Former state Superior Court Judge Robert A. Graci has taken over as chief counsel of the state’s Judicial Conduct Board from Joseph A. Massa Jr., who will retire at the end of the year.
Graci, who officially assumed his new role on October 1, comes to the JCB from the Harrisburg office of Pittsburgh-based Eckert Seamans Cherin & Mellott, where he chaired the firm’s appellate group.
Speaking to The Legal on Thursday, Massa, who will remain with the JCB as senior counsel until December 31, called his nearly 11-year tenure as chief counsel of the JCB a “challenging, humbling” experience and said that after a 43-year legal career, he felt it was time to “enjoy the fruits of my labor.”
Massa leaves behind a markedly different JCB than the one he joined in 2002, largely due to changes the board has made in the wake of the Luzerne County judicial corruption scandal.
Massa said those changes are ongoing.
Graci told The Legal on Wednesday that the board is still in the midst of considering many of the recommendations the American Bar Association’s Standing Committee on Professional Discipline made in the 56-page report it issued on Pennsylvania’s judicial conduct system last June.
“It’s a continuing process and I fully expect to be a part of that,” Graci said.
Several of the ABA’s recommendations called for increased transparency with regard to how the JCB handles complaints.
For example, the ABA, in its report, issued a strong recommendation to keep complainants privy to the status of their claims rather than just the final disposition, noting that the confidentiality provisions of the board are to protect judges and witnesses, not to keep complainants in the dark.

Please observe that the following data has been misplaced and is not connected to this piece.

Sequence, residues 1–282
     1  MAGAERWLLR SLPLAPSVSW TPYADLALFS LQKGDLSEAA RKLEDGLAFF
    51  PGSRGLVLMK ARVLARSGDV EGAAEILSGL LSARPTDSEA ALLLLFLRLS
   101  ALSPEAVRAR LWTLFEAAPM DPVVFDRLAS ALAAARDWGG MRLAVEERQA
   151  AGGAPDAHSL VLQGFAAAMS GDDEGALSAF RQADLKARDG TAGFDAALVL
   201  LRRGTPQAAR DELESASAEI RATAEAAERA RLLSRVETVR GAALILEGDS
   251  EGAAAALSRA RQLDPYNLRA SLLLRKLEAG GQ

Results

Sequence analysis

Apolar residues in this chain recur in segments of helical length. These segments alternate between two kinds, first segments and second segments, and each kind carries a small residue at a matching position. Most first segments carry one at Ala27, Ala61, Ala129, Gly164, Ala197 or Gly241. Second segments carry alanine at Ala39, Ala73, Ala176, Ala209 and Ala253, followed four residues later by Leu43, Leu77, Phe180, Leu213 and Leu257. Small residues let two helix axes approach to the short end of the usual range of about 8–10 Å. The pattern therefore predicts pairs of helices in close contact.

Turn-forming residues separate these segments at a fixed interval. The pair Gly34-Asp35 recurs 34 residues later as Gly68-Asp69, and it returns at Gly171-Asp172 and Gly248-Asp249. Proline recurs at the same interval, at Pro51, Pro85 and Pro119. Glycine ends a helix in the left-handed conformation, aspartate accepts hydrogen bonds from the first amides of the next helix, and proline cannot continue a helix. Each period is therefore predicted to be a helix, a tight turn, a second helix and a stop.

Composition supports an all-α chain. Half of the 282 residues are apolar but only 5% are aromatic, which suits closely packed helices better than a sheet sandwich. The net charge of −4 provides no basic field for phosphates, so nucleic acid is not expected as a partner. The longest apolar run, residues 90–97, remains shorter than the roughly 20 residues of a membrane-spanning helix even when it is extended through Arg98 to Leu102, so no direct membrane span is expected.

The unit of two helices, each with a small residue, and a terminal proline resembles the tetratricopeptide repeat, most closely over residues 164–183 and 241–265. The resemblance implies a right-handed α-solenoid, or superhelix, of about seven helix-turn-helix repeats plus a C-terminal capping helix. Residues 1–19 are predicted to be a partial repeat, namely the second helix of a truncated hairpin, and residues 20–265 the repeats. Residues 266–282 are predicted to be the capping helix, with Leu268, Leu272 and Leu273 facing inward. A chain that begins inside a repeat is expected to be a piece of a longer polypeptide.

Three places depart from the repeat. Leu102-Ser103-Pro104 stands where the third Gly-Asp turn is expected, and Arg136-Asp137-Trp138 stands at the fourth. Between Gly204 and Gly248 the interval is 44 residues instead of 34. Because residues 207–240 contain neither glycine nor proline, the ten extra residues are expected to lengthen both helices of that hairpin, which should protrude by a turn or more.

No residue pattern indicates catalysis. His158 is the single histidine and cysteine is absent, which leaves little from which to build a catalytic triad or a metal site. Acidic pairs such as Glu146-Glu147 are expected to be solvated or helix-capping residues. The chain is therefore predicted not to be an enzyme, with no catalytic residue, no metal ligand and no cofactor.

In January, the JCB issued a press release in response to the ABA’s report, saying the board had “concluded that it has struck the proper balance between transparency and confidentiality” and would not revise its policy on confidentiality.
The board did say in the same press release, however, that it would begin advising complainants of the status of their complaints.
Graci told The Legal on Wednesday that maintaining confidentiality is more than just a concern for the board, it’s a constitutional mandate aimed in part at protecting the judges against whom allegations are leveled.
Graci said that around 90 percent of the complaints the JCB receives prove to be unfounded and disclosing information about those complaints could potentially damage judges’ careers.
“Does that mean transparency suffers? In some sense, I suppose the answer has to be yes, but I think the greater good is preserving confidentiality,” Graci said.
Graci added the confidentiality mandate is as much intended to protect the identity of the accusers as it is the judges. He also noted that many of the complaints the board receives are anonymous.
The ABA recommended in its report that the JCB re-evaluate the way it handles anonymous complaints, suggesting that the board do away with its requirement that complaints be submitted in writing and signed, neither of which is required by the state constitution.
“Requiring written and verified complaints chills complainants’ willingness to come forward with information about judicial misconduct,” the ABA said in its report.
Massa said Thursday that the JCB has changed its internal operating procedures to require that all complaints be presented to the board within 30 days of receipt for a determination on whether to investigate further.